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Is this sentence correct:

I was taken aback on seeing my result card

Is it right? If not, then how should I put this idiom in such kind of sentence?

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    Your example is a perfect use of this expression in its usual sense of surprised and confused. Commented Oct 19, 2016 at 21:59
  • I would slightly favor the preposition at instead of on.
    – Robusto
    Commented Oct 20, 2016 at 0:44

1 Answer 1

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Yes, this is perfectly correct (although in the U.S. we usually refer to it as a report card and not a result card).

Some other examples:

I was taken aback to learn who they were going to vote for in the election.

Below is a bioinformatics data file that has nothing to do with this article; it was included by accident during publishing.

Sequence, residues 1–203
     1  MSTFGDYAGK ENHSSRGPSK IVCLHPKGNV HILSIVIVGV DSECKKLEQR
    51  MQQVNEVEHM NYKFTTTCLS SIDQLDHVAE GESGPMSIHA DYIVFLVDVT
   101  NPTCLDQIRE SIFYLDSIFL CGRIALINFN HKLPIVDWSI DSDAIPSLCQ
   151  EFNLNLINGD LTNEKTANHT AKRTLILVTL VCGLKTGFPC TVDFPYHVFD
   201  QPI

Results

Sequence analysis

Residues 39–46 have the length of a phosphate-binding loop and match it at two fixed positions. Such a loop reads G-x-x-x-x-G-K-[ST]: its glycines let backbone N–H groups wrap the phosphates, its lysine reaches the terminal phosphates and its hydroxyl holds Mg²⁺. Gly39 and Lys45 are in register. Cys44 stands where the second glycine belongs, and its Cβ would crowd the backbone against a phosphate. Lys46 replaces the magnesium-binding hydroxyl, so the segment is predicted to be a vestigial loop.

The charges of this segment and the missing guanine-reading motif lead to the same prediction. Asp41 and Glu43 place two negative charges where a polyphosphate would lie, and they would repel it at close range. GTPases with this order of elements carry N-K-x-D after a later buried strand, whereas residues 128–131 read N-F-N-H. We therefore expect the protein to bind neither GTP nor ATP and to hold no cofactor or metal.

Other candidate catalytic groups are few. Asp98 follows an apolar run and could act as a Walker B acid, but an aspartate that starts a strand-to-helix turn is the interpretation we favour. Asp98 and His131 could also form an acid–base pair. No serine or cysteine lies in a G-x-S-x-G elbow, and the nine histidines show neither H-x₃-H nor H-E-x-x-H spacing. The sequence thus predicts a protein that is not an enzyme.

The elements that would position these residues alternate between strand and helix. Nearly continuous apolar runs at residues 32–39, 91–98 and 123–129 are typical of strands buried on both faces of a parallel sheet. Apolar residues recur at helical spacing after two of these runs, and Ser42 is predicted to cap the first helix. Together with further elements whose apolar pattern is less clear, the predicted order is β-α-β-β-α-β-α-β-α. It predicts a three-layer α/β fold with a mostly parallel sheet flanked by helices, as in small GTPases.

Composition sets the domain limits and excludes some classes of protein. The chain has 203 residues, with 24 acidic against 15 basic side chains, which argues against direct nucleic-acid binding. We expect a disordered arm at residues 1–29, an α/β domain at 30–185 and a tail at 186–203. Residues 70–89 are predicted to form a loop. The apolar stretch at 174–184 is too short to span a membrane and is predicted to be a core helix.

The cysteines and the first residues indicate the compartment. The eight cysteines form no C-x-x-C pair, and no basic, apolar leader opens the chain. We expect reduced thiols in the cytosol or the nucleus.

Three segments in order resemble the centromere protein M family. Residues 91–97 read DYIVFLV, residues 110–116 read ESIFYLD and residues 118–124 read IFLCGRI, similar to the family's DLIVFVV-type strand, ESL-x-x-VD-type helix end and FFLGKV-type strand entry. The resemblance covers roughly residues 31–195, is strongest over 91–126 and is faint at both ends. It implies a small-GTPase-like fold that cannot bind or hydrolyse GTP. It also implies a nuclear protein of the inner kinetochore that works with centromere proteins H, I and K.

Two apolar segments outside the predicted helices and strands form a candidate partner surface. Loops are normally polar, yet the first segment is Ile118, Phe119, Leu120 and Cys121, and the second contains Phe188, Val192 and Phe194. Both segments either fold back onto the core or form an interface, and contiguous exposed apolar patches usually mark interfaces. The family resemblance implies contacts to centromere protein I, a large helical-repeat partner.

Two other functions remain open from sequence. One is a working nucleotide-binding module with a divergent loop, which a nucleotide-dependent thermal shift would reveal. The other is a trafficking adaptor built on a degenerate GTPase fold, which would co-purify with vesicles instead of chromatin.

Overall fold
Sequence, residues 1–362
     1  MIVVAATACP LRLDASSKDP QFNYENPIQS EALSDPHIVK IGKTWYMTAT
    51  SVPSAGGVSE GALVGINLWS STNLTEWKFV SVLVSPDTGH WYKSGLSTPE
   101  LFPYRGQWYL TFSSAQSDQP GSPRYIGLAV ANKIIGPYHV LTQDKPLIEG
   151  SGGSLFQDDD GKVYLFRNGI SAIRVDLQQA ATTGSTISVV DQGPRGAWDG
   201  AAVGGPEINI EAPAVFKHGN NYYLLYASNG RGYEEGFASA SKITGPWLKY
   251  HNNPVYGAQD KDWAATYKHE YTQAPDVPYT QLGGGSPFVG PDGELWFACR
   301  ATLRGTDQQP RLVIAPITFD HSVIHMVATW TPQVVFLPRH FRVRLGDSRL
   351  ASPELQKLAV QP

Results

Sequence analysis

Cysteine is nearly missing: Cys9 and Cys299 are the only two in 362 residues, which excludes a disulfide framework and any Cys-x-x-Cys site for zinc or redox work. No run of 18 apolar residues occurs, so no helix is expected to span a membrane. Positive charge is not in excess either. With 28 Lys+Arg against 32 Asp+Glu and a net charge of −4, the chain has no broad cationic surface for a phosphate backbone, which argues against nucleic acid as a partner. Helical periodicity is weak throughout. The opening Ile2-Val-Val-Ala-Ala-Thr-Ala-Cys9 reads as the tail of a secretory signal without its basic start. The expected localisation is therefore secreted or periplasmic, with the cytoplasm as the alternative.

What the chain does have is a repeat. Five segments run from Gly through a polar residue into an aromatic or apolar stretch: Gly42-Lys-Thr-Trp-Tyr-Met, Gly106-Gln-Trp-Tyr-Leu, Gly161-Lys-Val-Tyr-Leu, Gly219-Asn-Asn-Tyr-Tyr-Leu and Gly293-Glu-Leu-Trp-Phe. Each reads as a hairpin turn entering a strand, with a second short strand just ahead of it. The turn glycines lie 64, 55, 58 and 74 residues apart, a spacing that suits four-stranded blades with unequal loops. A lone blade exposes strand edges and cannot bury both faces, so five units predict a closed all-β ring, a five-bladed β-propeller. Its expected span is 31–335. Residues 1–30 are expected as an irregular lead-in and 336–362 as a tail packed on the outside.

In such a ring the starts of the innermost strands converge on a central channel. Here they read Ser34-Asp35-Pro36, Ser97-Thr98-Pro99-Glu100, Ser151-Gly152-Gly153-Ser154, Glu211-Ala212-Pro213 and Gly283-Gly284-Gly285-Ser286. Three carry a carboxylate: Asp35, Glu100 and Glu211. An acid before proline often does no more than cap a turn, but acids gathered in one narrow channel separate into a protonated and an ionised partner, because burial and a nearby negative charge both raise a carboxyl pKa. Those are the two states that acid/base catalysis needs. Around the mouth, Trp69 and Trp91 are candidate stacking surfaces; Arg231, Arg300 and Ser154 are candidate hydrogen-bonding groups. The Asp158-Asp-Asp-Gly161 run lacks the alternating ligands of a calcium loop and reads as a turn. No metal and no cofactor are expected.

They were taken aback to see Michael wearing white after Labor Day.

Michael was taken aback on hearing that they're going to reboot the "Spiderman" movies yet again.

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  • Is by also a common usage before gerund? I mean does I was taken aback by seeing my report card sound off?
    – Yuri
    Commented Oct 20, 2016 at 9:41
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    I would just say "I was taken aback by my report card". Otherwise "on" sounds better with the gerund. "I was taken aback on seeing my report card," "I was taken aback on finding out the bad news," etc.
    – Andrew
    Commented Oct 20, 2016 at 15:53
  • You could reorganize the sentence as well and it would be just as impactful while retaining the idiom. For example, "Upon seeing my result card, I was taken aback." Granted, it makes the original statement a bit more dramatic.
    – AnonyTech
    Commented Oct 23, 2018 at 15:57

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